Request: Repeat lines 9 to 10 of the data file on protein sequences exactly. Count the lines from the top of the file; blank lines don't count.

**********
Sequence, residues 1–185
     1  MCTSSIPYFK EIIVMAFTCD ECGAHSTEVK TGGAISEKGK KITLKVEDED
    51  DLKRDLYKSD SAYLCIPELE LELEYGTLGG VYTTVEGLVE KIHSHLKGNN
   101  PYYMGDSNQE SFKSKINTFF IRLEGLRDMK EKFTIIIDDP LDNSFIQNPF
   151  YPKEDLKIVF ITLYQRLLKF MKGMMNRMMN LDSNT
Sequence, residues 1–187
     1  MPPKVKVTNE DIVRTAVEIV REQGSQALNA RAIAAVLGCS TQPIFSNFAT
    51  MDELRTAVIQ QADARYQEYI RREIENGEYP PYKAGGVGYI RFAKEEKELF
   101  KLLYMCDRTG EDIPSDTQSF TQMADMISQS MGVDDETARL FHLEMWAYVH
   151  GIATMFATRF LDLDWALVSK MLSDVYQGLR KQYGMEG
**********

   101  KLLYMCDRTG EDIPSDTQSF TQMADMISQS MGVDDETARL FHLEMWAYVH
   151  GIATMFATRF LDLDWALVSK MLSDVYQGLR KQYGMEG